Study Objectives: The aims of this study were to determine if a correlation exists between the level of hypoxia induced by severe obstructive sleep apnea syndrome (OSAS) and the level of auditory dysfunction when verifying such a relationship using polysomnography (PSG). Methods: A retrospective review of 41 patients with severe OSAS was performed. Independent risk factors for hearing impairment included parameters of PSG, which were analyzed in two hearing groups at a level ≥ 40 decibels (dB). Results: Oxyhemoglobin saturation, especially the lowest oxyhemoglobin saturation level, showed lower thresholds in the hearing impairment group than in the control group (p = 0.039 at NREM stage; p = 0.029 at REM stage; p = 0.001 at total sleep stage). After adjusting for other risk factors, the sole variable that remained significant was lowest oxyhemoglobin saturation (total; p = 0.046). In the correlation analysis, a decreasing lowest oxyhemoglobin saturation (from all subjects, n = 41) correlated with a greater mean hearing threshold (R2 = 0.297; p < 0.001). Conclusion: Our results indicated that lowest oxyhemoglobin saturation in PSG is the only variable correlated with the hearing threshold. This finding could be predictive of possible hearing alternation in patients with severe OSAS. Commentary: A commentary on this article appears in this issue on page 641.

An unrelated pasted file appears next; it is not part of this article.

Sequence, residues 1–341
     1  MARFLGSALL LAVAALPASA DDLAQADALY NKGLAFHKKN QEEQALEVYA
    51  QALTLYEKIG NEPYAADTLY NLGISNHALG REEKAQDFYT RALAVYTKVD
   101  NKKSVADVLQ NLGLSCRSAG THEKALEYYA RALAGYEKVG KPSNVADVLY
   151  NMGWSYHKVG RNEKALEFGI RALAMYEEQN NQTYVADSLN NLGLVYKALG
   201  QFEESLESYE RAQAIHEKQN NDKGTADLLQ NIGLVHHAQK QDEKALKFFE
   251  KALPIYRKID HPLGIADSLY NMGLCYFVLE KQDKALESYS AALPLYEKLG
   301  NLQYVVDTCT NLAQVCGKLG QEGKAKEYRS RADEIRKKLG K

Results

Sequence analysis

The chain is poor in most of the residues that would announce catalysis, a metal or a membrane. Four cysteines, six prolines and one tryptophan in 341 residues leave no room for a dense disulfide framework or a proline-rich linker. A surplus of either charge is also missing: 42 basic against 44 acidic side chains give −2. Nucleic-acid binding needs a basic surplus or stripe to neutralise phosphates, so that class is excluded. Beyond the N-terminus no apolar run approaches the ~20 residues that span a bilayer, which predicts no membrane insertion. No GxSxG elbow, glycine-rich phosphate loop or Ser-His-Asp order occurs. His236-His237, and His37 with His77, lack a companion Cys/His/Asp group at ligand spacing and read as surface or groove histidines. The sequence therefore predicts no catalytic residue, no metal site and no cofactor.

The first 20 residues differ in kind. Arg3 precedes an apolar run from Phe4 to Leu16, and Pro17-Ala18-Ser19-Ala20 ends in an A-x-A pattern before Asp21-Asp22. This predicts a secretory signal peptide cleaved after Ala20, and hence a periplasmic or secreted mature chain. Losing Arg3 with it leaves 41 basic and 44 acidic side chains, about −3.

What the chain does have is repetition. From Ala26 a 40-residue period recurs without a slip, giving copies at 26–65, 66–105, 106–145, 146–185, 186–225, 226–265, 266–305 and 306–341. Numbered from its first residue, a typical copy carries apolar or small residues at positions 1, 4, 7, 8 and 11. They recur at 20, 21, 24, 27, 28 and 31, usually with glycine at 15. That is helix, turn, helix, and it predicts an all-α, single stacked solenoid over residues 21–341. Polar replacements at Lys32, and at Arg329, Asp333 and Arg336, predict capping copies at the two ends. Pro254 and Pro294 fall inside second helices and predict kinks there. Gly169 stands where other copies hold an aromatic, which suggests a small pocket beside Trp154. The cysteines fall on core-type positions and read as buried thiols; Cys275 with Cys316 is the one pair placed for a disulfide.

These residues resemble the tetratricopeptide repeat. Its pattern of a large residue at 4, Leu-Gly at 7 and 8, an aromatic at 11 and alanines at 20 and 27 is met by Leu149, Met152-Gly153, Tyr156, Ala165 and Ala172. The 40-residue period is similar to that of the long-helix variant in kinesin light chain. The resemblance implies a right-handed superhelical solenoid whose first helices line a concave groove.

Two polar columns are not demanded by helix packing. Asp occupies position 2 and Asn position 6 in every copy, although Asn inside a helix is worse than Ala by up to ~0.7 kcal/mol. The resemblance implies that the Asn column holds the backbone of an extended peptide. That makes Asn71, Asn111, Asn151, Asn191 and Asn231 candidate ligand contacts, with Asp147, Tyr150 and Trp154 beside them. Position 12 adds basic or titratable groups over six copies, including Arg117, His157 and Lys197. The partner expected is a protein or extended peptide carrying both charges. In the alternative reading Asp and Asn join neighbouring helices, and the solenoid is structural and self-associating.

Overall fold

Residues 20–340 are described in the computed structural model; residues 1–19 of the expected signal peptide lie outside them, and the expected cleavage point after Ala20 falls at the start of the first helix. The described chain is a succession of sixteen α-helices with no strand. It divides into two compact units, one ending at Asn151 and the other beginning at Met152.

All Science Journal Classification (ASJC) codes
- Pulmonary and Respiratory Medicine
- Clinical Neurology